vivastory @GatheringBooks I read a few reviews & it seemed to me that there was war trauma underlying the book, but it didn't really show up in hardly any reviews I read. I found that really surprising...the lack of discussion about her experiences as a child 4mo
sarahbarnes I think for me the most memorable was the scene in the bakery. When she throws the coins onto the floor and then helps the woman pick them back up. And then leaves the bread she bought there in the bag. It was poignant how they seemed to understand one another. 4mo
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vivastory @sarahbarnes That was a fascinating scene! It made me uncomfortable at first, when Shirley was throwing the money on the ground but by the end of the scene it was for sure one of my favorite moments in the book. As you say, an understanding. 4mo
DrexEdit The encounter with the painting was the first turning point for me in suspecting not all that was happening was actually happening. The scene at the costume shop with the opera singers was a deja vu moment for me because when the singers started I recognized it as an opera I had seen. She doesn't identify it as a Bartok opera (Bluebeard's Castle) until the end of that scene. So then I decided she was communicating with me in code. 4mo
DrexEdit It was hard not to get paranoid in that way while reading this book. Every art or book reference she made seemed to mean something. If I had had more time while reading I would have been done a serious rabbit hole! 4mo
Sapphire @DrexEdit that is an interesting comment. If the author could make you feel that, then there was an effectiveness of mood! I wish I had more cultural references points for those details to have been clearer to me. 4mo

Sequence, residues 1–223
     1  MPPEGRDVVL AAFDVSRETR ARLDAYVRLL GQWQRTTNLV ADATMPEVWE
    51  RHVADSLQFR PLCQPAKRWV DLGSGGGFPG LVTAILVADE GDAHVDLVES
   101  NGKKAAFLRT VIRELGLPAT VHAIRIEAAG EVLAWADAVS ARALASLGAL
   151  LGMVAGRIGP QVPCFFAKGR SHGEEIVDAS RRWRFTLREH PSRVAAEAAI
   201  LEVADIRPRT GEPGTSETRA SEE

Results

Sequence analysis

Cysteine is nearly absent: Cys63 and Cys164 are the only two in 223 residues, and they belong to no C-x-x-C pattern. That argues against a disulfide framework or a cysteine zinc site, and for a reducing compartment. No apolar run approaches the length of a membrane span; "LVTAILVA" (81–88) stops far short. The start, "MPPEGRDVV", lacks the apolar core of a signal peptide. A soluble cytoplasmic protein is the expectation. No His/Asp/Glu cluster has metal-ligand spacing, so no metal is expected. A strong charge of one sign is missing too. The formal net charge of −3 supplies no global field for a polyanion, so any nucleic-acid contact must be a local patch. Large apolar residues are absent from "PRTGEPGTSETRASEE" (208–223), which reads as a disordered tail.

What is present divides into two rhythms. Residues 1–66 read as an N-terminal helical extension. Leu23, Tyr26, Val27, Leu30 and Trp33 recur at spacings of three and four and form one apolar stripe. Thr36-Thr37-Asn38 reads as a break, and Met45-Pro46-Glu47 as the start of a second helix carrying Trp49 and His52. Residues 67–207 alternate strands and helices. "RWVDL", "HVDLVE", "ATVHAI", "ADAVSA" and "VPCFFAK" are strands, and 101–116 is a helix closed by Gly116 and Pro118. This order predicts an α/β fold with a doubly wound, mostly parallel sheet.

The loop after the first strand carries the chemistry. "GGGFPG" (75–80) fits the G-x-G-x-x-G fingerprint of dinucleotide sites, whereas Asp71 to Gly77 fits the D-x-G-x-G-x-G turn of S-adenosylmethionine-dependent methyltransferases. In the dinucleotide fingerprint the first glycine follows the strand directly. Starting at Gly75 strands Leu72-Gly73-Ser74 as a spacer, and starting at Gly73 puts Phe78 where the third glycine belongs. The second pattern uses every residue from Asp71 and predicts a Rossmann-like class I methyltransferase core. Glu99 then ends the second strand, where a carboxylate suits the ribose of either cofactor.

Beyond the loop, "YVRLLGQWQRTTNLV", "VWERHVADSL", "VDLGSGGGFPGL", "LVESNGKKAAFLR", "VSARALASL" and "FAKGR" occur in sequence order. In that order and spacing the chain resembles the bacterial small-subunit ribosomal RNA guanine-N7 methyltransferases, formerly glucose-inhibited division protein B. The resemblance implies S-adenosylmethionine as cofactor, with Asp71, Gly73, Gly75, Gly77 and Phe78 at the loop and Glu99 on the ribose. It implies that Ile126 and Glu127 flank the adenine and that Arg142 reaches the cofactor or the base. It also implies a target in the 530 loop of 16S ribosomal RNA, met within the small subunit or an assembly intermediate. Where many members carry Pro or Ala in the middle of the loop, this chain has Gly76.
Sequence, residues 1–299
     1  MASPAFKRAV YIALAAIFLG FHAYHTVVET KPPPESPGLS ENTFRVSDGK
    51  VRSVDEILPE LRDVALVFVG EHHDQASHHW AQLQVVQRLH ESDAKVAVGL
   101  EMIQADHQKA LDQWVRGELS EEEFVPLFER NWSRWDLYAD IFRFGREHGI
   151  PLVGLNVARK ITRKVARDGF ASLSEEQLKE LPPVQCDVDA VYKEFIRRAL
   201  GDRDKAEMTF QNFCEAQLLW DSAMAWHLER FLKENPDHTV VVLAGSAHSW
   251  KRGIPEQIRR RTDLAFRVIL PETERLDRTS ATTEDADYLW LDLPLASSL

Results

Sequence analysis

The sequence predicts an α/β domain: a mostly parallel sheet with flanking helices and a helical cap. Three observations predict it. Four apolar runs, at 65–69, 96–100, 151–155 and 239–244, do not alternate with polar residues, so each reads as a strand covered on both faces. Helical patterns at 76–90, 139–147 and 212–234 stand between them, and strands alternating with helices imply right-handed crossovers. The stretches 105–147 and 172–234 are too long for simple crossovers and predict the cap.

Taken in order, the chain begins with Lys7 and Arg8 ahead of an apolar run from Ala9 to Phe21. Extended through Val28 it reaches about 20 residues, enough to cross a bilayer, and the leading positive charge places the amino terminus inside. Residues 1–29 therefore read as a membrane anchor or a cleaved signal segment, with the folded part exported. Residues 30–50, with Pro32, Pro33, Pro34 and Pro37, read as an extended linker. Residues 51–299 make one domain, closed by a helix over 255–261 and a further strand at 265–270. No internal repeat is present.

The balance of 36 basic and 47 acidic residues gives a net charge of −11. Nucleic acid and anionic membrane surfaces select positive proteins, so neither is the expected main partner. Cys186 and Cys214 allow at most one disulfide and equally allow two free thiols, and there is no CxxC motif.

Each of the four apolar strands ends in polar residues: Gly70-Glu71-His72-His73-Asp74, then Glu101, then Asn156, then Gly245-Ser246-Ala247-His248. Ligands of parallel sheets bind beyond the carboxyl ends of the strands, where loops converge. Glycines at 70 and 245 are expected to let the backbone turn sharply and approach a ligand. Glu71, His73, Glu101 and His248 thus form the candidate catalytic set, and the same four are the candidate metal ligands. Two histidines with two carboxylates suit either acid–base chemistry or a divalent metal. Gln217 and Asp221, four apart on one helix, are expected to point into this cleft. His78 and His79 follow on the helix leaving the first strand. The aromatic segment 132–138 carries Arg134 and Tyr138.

Billypar @DrexEdit I agree about the experience of reading some of those passages dense with references. The more surreal scenes also had me in one of those reading states where I forget everything going on around me because I'm so wrapped up the book, so it didn't seem far removed from Shirley's experience. 4mo
Billypar The scene with the crying woman was a flashback but it still reminded me of some of those other scenes. It also seemed like a rare moment that she mentioned the war, and the interaction with Coenraad that follows makes me wonder how much the trauma of her history plays a role in her delusions or paranoia. 4mo
quietjenn Like @sarahbarnes, the encounter in the bakery was the one I found most impactful, and it's the one that I most remember weeks later. I did love the costume shop scene when I was reading it, but it hasn't stayed with me the way that one did. 4mo
merelybookish Yes to the bakery scene! @sarahbarnes @quietjenn I also found her daily interaction with the waitress at breakfast weird and striking. She just never seems to belong anywhere or with anyone. 4mo
sarahbarnes @merelybookish yes! I‘ve wondered what the deal is with her and the waitress. 4mo
sarahbarnes Also, your comment @merelybookish reminds me of her occasional encounters with waiter types who seem to have been expecting her. Is this also a figment of her creation, part of the story she is building? 4mo